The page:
## Change in Entropy at a Constant Heat Capacity

Volume: $\Delta S = nR\ln \frac{V_{2}}{V_{1}}$
Temperature: $\Delta S = nC\ln \frac{T_{2}}{T_{1}}$

EllerySchlingmann1E
Posts: 76
Joined: Fri Sep 28, 2018 12:24 am

### Change in Entropy at a Constant Heat Capacity

In Topic 4H in the 7th edition of the textbook, it says that "if the heat capacity is constant throughout the temperature range of interest, then
ΔS=nRln(T2/T1)." I was just curious about this equation because I thought for a change in temperature, the appropriate equation to use was ΔS=Cln(T2/T1), and had not seen this equation before, nor saw it discussed in the reading. Any help with explaining the origin of this equation with constant heat capacity would be greatly appreciated. Not sure if I should ignore it or if it supports a fundamental part of thermodynamics. Thanks so much!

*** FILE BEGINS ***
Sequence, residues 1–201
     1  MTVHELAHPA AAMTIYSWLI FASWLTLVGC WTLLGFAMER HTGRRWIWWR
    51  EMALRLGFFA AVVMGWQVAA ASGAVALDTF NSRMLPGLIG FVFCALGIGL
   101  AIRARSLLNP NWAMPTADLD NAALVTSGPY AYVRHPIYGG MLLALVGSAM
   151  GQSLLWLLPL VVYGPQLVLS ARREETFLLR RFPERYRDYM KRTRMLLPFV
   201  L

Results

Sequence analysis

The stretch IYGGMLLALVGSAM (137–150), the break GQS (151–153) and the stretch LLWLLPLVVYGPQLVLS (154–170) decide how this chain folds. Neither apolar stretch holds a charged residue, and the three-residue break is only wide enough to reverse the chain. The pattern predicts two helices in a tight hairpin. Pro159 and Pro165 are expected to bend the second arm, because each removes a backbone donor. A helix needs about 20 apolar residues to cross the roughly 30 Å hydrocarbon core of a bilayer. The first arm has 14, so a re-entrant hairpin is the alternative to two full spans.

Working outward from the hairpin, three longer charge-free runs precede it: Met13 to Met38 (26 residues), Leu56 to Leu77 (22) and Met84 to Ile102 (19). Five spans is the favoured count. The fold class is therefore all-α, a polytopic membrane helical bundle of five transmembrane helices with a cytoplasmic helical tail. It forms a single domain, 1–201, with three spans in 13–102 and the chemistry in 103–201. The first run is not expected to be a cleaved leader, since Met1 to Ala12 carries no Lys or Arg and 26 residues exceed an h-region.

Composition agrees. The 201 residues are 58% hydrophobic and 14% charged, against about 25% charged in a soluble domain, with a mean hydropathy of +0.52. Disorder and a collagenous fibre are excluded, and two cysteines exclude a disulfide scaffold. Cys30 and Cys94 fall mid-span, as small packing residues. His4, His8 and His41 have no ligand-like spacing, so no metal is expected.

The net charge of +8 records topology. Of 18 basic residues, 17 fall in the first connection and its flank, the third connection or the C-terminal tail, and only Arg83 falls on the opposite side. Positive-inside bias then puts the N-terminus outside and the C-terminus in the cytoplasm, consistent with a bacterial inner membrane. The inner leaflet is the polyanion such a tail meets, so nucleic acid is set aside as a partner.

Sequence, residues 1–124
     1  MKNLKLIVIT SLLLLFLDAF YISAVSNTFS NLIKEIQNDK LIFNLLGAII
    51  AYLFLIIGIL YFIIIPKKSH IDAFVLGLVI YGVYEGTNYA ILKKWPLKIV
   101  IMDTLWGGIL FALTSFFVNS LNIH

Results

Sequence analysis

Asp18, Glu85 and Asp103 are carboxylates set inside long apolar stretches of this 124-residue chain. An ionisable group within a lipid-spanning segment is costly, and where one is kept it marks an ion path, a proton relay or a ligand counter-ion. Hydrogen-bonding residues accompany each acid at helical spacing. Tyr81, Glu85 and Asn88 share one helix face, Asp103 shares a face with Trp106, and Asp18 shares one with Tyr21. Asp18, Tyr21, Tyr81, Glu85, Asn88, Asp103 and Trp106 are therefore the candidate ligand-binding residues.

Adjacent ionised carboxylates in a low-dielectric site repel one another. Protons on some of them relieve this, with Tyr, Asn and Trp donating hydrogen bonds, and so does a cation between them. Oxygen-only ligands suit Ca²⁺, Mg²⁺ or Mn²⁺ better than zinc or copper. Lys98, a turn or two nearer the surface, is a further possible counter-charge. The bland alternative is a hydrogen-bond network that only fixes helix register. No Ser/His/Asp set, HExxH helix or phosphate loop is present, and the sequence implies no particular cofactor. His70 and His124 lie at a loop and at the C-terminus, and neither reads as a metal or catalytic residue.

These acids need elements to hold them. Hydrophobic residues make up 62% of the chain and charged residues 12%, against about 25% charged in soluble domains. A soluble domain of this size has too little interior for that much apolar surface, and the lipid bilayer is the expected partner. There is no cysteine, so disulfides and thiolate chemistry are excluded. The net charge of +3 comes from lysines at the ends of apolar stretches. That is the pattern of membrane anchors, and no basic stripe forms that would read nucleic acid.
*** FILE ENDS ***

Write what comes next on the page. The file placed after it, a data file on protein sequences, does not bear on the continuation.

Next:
Rachel-Weisz3C
Posts: 66
Joined: Fri Sep 28, 2018 12:23 am

### Re: Change in Entropy at a Constant Heat Capacity

I think because the heat capacity is constant the value does not need to be included when solving a problem, therefore you can use the equation they give you for $\Delta$S in order to find entropy, and use the values that should be provided for moles, and the two temperatures.